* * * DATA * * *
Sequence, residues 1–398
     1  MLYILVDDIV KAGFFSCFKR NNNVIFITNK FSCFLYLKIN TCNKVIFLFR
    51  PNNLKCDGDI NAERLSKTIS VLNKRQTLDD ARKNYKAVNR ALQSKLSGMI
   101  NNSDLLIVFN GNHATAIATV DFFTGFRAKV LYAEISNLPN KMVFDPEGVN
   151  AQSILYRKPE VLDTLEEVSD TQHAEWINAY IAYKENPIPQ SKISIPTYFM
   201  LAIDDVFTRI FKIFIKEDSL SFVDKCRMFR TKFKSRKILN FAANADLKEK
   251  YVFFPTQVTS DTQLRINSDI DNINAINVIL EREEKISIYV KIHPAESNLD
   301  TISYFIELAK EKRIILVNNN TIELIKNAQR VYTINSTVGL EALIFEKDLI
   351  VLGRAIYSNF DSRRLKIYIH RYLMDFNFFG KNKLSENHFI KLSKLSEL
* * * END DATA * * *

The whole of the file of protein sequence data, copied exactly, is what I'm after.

Sequence, residues 1–398
     1  MLYILVDDIV KAGFFSCFKR NNNVIFITNK FSCFLYLKIN TCNKVIFLFR
    51  PNNLKCDGDI NAERLSKTIS VLNKRQTLDD ARKNYKAVNR ALQSKLSGMI
   101  NNSDLLIVFN GNHATAIATV DFFTGFRAKV LYAEISNLPN KMVFDPEGVN
   151  AQSILYRKPE VLDTLEEVSD TQHAEWINAY IAYKENPIPQ SKISIPTYFM
   201  LAIDDVFTRI FKIFIKEDSL SFVDKCRMFR TKFKSRKILN FAANADLKEK
   251  YVFFPTQVTS DTQLRINSDI DNINAINVIL EREEKISIYV KIHPAESNLD
   301  TISYFIELAK EKRIILVNNN TIELIKNAQR VYTINSTVGL EALIFEKDLI
   351  VLGRAIYSNF DSRRLKIYIH RYLMDFNFFG KNKLSENHFI KLSKLSEL